• Projects are done faster if we all collaborate (85.9%).

• Working with other students helps me to learn (97.1%).

This is also evident in the items which were formulated in a negative way, where the options with higher percentages were those labeled as «totally agree» or «totally disagree»:

• Working in a group means getting lower marks (71.4%).

• I am afraid of working in a group (86.5%).

• I don’t like to work on my own (47.6%).

• In a group debate, important decisions are never reached (70.2%).

• I like to work on my own without paying any attention to my partners (80.6%).

• I do not like to work with other partners (82.7%).

It seems significant that when presented with the option «I prefer to work individually in order to move on quickly», the preferred choice of answer (with 42.8%) was «neither agree nor disagree», so the options that referred to favorable and unfavorable attitudes were on a par. It is also revealing that students perceived that the role teachers played in order to set groups in motion was very important, as the high number of positive answers denote (81.3%). The answers also help us to infer that students perceive that one of the most important elements when learning in the 21st century will be collaborative work. One of the items was meant to ascertain the preferences that students had for working with other students in a distance education environment; the results are presented in table 2.

When asked how they would classify their experience of working in groups, a large percentage of the students (60.38%) considered it to be positive, followed by the neutral option (24.23%). We highlight the fact that the sum of the negative ratings did not exceed 3%. These data were similar at the four universities and globally the positive ratings are above 52%. The last question in this part of the questionnaire was designed to determine whether the students were interested in collaborating with other students. In this case, 63.17% said they were very interested, followed by 23.09% who indicated being interested. There are no major differences in regard to students from the four universities in the sample.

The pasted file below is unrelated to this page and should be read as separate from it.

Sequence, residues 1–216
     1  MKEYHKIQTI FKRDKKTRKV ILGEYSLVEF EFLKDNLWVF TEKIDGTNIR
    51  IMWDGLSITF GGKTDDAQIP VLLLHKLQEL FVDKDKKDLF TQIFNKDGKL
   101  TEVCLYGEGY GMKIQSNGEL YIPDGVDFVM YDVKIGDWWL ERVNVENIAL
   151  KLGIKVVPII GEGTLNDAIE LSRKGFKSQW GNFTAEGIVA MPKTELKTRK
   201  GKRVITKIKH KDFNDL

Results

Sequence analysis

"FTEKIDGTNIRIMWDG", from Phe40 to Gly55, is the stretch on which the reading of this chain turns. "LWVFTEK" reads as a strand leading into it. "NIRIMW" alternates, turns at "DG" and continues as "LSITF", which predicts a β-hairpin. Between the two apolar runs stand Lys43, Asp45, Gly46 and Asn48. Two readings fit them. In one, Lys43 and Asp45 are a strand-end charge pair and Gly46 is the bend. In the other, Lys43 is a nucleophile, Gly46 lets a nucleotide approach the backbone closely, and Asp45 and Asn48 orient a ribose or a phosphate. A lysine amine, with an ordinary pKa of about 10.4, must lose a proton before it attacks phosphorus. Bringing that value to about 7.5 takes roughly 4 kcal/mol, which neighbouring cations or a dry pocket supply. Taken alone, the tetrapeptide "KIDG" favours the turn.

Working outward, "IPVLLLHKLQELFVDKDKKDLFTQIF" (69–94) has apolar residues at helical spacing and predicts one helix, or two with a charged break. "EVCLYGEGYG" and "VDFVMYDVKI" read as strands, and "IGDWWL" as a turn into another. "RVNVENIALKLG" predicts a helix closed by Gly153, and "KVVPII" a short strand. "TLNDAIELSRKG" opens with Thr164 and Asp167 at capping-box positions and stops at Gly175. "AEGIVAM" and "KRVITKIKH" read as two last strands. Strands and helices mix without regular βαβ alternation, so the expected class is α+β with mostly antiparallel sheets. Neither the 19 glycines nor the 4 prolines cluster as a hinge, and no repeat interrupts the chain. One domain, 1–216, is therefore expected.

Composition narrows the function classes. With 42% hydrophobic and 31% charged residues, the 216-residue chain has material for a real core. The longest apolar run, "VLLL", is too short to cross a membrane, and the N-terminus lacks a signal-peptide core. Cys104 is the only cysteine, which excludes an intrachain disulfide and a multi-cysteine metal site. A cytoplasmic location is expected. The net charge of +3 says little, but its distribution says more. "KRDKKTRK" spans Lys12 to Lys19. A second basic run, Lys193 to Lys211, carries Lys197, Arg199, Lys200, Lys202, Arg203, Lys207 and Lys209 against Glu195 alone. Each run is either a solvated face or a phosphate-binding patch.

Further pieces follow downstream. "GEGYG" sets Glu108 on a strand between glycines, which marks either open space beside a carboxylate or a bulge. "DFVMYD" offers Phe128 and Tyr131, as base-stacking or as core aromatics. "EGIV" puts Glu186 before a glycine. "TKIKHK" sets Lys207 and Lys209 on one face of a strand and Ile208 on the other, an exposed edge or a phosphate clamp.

3.3. Dimension 3: Technical and technological skills

The third part of the questionnaire is aimed at gathering information about the level of technical skills needed to manage the various technologies the students have at their disposal (table 3).

As we can see, the perceptions that students have of ICT are very positive. In some cases, the sum of the choices «agree» and «completely agree» equals 80% of the distribution, as in the following cases:

• I like to use computers for research and education (87.1%).

• I like to communicate with other people by means of computer-assisted technologies (i.e. email, text messages) as an aid to my learning process (83.2%).

• I feel comfortable working with computers (79.2%).

At the same time, students reveal that they felt qualified to perform different tasks:

• I know how to send and receive messages and attached files through different communication tools (email, instant messaging…) (95.6%).

• I am good at finding what I am searching for when using Internet search engines (Google, Yahoo…) (73.3%).

• I am able to use Word processors to write documents (i.e. using underlying, bold characters, creating tables, etc.) (92.3%).

• I am good at using presentation software (i.e. PowerPoint) (70.6%).

It is worth noting that the students who acknowledged that «I spend a lot of time on the Net» is evident if we add the «agree» and «totally agree» answers to reach a total of 60.2% of the distribution.

3.4. The social software experience dimension

In regard to the experience that students have regarding social software (table 4) we find three levels of training. Firstly, those technologies in which students state they have an «advanced-(A)» level of training: social networks (49.3%), uploading photographs (45.8%) and video sharing (31, 4%); and secondly, the technology level of training in which the majority is «no-(N)» or «beginner-(B)»: wikis (34.1%, «beginner»), social bookmarking (71.8 %, «N»), podcasting (69.8%, «n») and 3D immersive experience software (84.1%, «no»). Finally, we found some cases where the beginner and advanced options have very similar rates: blog (34.1% and 28.8%) and video conferencing via the web (34.7% and 20.7%). We must emphasize the case of social networks because this is the only one in this part of questionnaire where the sum of the options «advanced» and «expert-(E) » reach 50%.

In terms of the social networks, one of the survey questions focused on collecting information on the most actively used social networks, offering four options: Facebook, Twitter, LinkedIn and Hi5. These data showed that 54.1% chose Twitter and 45.3% Facebook, while the other two options, LinkedIn and Hi5, obtained a response rate of less than 1%. However, these results varied depending on the university. In particular, students at the universities of Huelva and the Basque Country prefer to use Facebook, approximately 74% each, and students at Sevilla and Córdoba opt for Twitter, with 70.1% and 53.1% respectively.

3.5. The social software for learning purposes dimension